Sedation offered at Rainier Dental
At Rainier Dental, we offer mild and moderate sedation.
-A combination of both inhalation or oral
Today is the Grand Opening of our New Rainier Dental Sumner Office! Thank you to our first patient that was seen today! Our New Rainier Dental Sumner address is: 15306 Main St Suite A, Sumner, WA, 98390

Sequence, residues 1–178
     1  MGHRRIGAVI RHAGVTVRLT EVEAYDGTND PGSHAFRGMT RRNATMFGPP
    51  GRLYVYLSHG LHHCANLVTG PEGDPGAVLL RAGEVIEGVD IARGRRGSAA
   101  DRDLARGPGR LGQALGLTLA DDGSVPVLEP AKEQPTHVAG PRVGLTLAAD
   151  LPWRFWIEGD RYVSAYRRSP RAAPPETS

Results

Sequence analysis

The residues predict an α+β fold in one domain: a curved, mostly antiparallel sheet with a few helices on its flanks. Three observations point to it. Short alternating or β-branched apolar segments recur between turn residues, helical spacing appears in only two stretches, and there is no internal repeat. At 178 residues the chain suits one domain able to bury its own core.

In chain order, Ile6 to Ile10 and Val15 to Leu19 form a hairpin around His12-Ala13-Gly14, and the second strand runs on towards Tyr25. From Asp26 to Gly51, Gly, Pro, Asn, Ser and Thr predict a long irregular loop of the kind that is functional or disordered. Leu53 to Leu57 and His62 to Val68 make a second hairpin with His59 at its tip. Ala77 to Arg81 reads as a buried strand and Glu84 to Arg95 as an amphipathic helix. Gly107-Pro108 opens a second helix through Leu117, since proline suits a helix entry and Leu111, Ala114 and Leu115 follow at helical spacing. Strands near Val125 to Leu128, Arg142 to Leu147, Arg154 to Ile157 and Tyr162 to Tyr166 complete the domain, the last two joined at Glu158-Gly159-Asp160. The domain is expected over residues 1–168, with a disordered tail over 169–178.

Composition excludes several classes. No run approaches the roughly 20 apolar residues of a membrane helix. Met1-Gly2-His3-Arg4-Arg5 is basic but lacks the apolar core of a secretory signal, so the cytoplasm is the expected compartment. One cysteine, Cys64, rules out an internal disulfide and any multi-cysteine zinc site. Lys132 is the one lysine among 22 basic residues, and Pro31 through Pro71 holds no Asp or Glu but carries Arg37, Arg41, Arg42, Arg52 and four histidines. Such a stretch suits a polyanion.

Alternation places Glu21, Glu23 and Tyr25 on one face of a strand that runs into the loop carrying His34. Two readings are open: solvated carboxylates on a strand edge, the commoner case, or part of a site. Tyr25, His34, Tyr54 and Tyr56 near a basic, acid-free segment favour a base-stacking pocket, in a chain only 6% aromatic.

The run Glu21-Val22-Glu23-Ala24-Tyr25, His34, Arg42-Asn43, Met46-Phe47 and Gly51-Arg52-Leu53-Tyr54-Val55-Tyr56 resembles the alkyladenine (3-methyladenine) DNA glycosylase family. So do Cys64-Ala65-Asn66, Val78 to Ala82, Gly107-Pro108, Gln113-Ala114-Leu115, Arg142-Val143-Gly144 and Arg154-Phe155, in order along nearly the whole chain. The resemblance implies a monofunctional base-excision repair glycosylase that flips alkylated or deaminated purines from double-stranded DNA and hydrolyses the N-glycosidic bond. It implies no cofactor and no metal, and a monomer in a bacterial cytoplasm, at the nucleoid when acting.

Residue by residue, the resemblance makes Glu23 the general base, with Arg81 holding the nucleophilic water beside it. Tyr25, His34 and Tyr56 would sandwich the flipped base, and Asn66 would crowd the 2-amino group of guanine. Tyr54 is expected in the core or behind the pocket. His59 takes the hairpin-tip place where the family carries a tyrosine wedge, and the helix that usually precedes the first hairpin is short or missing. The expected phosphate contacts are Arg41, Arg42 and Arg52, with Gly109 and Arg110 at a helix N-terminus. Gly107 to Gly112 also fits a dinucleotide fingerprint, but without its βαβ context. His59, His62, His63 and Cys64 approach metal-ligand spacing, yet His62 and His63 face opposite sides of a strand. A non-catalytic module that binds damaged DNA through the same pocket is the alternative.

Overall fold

In recognition of Children's Dental Health Month, Rainier Dental Tacoma location will be having a Children's Appreciation Dental Health Day where FREE preventative dental services will be offered to children under 12. This will be a first come first served event, no appointments will be scheduled. Several local businesses have pitched in offering treats for the patients that are seen that day. Thank you to all of our sponsors: Colgate, Henry Schein, Farmers Insurance, Law offices of Karla E. Rood LLC, Azteca, Krispy Kreme, Chuck E. Cheese's, Buffalo Wild Wings, Premier, Kerr, & Warm 106.9